Rare change of heart: Let's mine our own crucial metals

After years of passively relying on China to supply our military with crucial materials for the production of high-tech weapons systems, the United States is taking some important steps toward restoring its ability to harvest its own so-called rare earths.

Rep. Duncan Hunter, R-Calif., introduced a bill this week that would allocate 1 percent of the Pentagon’s Major Defense Acquisition Programs overhead budget and transfer that money to a Strategic Metals Investment Fund. The proceeds, as much as $50 million a year, would be used to aid prospective producers of the critical metals that are needed to make the new F-35 fighter jet, rocket-guided missiles, catapults that loft planes off aircraft carriers, GPS systems and other crucial weapons systems.

Bellwether previously examined our dangerous reliance on China, which currently mines and manufactures more than 90 percent of the world’s supply of rare earth. The U.S. used to have its own, secure production chain for these important products, but found it was cheaper to import them. The last major American rare earths mine and production facility declared bankruptcy in 2015.

“My bill has now got the best chance it has ever had,” Hunter told me. “I’ve got White House support. They read your articles and got in touch with me.”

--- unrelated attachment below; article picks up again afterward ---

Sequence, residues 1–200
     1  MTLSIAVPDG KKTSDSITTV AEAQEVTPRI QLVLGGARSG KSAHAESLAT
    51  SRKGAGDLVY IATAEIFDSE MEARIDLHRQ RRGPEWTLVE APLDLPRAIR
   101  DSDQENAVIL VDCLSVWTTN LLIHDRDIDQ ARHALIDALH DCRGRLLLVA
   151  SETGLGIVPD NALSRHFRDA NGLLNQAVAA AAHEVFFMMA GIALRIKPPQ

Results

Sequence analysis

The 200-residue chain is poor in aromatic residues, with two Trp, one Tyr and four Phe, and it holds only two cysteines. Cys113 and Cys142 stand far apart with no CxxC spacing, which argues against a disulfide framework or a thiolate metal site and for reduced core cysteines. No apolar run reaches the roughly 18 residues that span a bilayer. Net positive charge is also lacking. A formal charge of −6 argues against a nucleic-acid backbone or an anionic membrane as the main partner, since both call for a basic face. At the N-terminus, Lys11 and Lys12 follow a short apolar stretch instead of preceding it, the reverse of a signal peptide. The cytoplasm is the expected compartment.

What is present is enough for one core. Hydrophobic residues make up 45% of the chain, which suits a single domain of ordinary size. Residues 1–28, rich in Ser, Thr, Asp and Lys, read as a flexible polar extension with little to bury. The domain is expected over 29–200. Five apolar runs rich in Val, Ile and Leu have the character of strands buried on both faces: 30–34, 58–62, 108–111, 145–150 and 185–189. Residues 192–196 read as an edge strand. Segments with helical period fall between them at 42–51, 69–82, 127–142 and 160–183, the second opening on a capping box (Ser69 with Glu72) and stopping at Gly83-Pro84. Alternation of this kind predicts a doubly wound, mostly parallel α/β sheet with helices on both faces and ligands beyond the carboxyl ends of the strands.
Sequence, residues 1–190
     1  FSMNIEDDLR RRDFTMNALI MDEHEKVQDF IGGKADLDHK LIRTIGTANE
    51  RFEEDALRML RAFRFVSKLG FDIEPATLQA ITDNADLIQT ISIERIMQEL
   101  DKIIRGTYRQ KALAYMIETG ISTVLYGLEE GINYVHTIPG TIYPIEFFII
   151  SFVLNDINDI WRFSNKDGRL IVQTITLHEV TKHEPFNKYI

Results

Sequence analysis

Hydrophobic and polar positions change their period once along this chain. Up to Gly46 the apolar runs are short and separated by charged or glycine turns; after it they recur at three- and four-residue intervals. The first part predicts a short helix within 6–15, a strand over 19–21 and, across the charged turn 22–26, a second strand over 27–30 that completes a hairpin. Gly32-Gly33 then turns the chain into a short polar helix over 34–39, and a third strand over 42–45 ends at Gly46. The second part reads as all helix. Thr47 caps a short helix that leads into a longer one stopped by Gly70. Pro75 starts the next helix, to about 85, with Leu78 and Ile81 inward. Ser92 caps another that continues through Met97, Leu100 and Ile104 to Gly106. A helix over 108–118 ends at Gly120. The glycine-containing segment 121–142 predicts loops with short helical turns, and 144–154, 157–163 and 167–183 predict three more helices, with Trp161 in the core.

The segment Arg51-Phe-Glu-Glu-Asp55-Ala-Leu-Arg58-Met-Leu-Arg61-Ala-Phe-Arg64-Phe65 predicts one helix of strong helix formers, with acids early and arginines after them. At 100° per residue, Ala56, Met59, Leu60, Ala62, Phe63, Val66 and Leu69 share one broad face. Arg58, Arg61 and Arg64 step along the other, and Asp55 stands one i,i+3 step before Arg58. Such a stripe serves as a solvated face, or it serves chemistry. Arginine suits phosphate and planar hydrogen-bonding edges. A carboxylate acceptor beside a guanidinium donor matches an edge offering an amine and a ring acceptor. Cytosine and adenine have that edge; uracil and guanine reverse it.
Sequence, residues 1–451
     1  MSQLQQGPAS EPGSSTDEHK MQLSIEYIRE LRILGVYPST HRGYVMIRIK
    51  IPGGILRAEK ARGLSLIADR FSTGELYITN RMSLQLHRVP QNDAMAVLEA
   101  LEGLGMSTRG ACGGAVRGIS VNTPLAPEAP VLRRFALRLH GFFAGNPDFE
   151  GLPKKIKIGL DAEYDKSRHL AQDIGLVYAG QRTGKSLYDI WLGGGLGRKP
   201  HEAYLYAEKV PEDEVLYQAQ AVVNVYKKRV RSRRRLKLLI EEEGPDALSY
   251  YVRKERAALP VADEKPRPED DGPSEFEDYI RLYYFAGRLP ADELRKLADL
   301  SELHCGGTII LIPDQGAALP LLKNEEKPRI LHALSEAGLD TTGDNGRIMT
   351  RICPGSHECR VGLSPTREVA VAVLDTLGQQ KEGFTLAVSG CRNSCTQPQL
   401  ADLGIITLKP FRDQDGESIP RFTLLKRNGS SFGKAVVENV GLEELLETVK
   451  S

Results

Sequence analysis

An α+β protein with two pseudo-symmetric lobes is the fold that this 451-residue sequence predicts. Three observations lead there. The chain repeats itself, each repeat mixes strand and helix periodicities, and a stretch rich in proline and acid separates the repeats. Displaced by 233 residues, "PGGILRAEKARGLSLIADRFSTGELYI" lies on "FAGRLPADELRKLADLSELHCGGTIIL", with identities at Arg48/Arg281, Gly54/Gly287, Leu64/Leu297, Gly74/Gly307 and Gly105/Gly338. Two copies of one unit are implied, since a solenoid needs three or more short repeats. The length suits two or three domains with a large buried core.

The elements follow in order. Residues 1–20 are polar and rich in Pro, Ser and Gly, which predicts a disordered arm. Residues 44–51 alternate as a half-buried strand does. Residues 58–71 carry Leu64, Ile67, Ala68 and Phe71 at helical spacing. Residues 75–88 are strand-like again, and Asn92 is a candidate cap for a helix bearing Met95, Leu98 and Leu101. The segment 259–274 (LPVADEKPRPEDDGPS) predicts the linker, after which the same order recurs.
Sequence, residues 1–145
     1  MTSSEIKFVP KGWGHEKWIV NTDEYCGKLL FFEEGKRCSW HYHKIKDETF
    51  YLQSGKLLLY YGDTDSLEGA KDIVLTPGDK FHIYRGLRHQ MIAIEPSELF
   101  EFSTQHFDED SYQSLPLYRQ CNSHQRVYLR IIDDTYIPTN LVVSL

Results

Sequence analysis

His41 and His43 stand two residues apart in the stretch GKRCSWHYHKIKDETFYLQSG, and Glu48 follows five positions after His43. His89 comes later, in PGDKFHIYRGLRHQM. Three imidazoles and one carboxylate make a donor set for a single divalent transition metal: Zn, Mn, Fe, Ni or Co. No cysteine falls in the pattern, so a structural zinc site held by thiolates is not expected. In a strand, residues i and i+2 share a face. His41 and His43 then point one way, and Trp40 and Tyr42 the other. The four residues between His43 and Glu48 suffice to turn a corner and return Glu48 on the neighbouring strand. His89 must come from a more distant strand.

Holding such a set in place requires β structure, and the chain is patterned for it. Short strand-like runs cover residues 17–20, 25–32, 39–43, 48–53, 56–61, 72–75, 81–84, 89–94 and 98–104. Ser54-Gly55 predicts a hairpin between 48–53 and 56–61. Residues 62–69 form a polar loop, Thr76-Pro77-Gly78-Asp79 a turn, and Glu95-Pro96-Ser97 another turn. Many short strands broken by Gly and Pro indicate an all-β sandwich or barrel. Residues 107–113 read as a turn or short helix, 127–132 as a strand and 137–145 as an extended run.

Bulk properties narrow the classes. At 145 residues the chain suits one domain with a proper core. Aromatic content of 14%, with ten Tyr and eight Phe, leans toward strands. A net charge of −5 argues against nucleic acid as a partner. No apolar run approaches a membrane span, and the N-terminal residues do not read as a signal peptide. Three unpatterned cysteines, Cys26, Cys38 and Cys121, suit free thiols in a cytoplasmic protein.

Hunter credits President Trump’s team with bringing a new attitude to the importance of mining critical materials at home, instead of relying on an unreliable supplier like China. In 2010, for instance, China temporarily cut off exports of rare earths in a trade dispute, shocking commodities markets worldwide and driving prices sky-high.

Experts in the field say there has been a sea change in attitude since Trump’s election. “There’s a sense that this administration recognizes the significance of the critical metals gap that we’ve allowed to develop,” says Dan McGroarty, who maintains a Washington-based critical metals industry consultancy.

At an industry conference in Toronto this week, bankers and venture capitalists, heartened by the administration’s promises, were kicking the tires on potential startup deals, says one attendee, longtime critical metals analyst Jack Lifton. “Last year was a desert. This year, there are oases of optimism. People hope this White House is going to follow through on reducing regulations. That’s good for the industry.”

Those same dealmakers were lying low during the Obama administration, convinced that the U.S. government was hopelessly mired in reliance on China as a supplier and anticipating more of the same if Hillary Clinton moved into the White House.

With President Trump vowing to strengthen the U.S. military, and to negotiate tougher with China, entrepreneurs hope domestic production of important elements needs for weapons systems will soon be revived. It might be one of those rare times when government and common sense appear in the same sentence.